PRITHVI DATTA CHANDRA SHOBHI writes: It wasn’t the fairy-tale send off we—or he—envisaged. It wasn’t the triumphant end to a magnificent career. Instead, Zinedine Zidane will be remembered for the fourteenth and final red card of his career; for that final walk of shame.
That moment of madness, as Zidane charged like a bull. That image of a falling Marco Materazzi. That sight of Zidane walking off a football pitch for the last time in tears. Will that be how we remember him?
Shouldn’t our memory be of that cheeky penalty taken so calmly? Or the powerful header in extra-time, which almost won the World Cup for France, but for Buffon’s sensational save?
Or a series of game-winning performances at this World Cup, including the finals, when he orchestrated a series of aggressive moves with Henry and Ribery, creating havoc especially after the first half?
But tragically, that powerful head butt, so typical and worthy of Zidane’s early days in the rough streets of Marseilles, will be the final and indelible image.
For all his calm exterior, shy and reticent personality and dignified bearing on and off the field, Zidane is known to lose his cool often, even at crucial moments. In 1998, he trampled on a Saudi Arabian player and was sent off, but then he could redeem himself with a match-winning performance in the finals.
Now, there are to be no second acts.
Perhaps there is an explanation for that insane, inexcusable act. As the replays showed, Materazzi, no saint himself, tweaked his nipple. Zidane and Materazzi then seemed to be trash talking. There are unconfirmed rumours of a racial slur, something that was said in 1998 too. Nobody, players or coaches, are speaking of what happened on the field, as the code of omerta has become operational.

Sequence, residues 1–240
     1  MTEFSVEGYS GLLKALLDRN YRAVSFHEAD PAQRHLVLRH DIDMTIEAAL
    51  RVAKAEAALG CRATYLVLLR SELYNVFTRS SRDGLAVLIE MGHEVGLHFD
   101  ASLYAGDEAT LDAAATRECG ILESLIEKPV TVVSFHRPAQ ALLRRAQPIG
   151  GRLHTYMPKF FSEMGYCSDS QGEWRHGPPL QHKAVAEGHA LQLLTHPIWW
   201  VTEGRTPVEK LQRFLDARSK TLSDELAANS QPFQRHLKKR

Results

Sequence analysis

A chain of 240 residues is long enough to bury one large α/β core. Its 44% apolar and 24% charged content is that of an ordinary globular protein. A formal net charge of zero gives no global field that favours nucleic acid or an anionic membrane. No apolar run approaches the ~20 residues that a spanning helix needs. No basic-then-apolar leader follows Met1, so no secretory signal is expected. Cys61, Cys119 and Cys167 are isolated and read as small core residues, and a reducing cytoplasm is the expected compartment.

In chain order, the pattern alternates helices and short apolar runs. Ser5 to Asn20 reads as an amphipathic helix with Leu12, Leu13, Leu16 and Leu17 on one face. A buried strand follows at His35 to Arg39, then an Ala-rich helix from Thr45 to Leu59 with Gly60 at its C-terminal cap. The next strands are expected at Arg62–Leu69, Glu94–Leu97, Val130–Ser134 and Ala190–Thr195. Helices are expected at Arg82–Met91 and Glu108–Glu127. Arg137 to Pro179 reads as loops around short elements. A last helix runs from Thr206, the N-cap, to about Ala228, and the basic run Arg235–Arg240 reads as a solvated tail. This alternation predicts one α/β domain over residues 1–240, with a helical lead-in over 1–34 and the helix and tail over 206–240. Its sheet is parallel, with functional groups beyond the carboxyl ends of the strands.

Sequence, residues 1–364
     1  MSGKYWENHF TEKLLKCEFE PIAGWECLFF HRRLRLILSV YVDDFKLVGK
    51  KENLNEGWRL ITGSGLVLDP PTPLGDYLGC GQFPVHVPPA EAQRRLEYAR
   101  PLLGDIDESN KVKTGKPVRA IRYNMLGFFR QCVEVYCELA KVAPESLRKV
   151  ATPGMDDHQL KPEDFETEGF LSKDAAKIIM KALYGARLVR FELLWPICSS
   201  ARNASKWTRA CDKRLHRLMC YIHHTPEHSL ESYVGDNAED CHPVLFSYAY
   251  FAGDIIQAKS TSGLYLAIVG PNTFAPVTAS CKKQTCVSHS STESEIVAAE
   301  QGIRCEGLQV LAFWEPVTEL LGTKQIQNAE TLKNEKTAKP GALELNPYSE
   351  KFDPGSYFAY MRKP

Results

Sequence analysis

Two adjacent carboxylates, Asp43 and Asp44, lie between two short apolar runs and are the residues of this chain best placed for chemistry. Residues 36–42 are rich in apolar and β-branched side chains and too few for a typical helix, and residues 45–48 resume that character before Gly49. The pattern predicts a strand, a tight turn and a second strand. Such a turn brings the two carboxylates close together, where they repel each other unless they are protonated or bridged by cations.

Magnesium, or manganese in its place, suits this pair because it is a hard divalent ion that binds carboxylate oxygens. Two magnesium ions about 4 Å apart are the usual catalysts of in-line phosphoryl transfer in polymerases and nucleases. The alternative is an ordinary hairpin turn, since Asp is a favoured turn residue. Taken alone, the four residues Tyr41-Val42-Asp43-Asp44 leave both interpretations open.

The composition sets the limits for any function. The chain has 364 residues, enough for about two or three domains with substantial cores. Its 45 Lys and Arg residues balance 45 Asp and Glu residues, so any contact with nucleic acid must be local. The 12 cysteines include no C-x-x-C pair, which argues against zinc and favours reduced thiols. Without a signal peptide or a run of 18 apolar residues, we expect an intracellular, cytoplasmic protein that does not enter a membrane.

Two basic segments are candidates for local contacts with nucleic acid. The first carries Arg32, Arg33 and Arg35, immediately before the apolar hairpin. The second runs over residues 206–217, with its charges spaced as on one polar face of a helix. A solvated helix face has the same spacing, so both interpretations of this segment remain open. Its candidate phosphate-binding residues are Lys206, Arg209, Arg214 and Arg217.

What we do know is a simple fact: Zidane snapped and did something that goes against the spirit of the sport, of which he was one of the finest practitioners.
Zidane’s moment of madness reminds us of the temperamental genius. The same spirit which sees the game differently from the other twenty-one players on the field loses its plot so completely in an instant. That insane act denies Zidane of a poetic ending to his career. Even his biggest fan would agree Zidane didn’t deserve any better. It is a reminder of human fallibilities.
The game itself was absorbing at moments, with two well-matched and very well organized defenses refusing to give an inch. France did look vulnerable against the aerial ball and escaped at least once yet the game looked headed towards penalty shootout.
Only a magical moment of pure genius, which only a Zidane or Henry could provide, would have lifted this finals—and indeed even the World Cup itself—from being remembered for its defensive schemes, and performances. If Italian stopper Cannavaro were to be not the most valuable player of this World Cup, then Zidane would have had to take charge and put his stamp on this tournament one more time.
He missed that. We will not only remember Zidane’s red card but we will also remember a finals bereft of one more magical moment that we could have remembered this World Cup by and spoken for the rest of our lives.
Do you think he was not aware of it? You bet that sat heavily on his soul. That’s the kind of pressure which drove Maradona into a cokehead. Zidanne wasn’t merely in the business of winning this game and the World Cup for France.
He was going to provide defining moments and ever lasting memories.
Remember the penalty kick one more time.
As tragic, reprehensible and inexcusable Zidane’s assault on Materazzi was, believe me, that wasn’t the story of this finals. That is, if we are truly concerned about the spirit of the game. Today, when the victorious Italians return home, thirteen of them would know whether they and their clubs could play Series A. Not only the officials of leading Italian clubs, Juventus, Lazio and Milan are implicated on match fixing charges, but players too have come under suspicion.
Speak of protecting the integrity of the game! Italian captain, Cannavaro, himself a former teammate and friend of Zidane’s at Juventus, has been investigated. Italian goalkeeper Buffon is in more serious trouble.
In the meantime, we are ready to crucify Zinedine Zidane.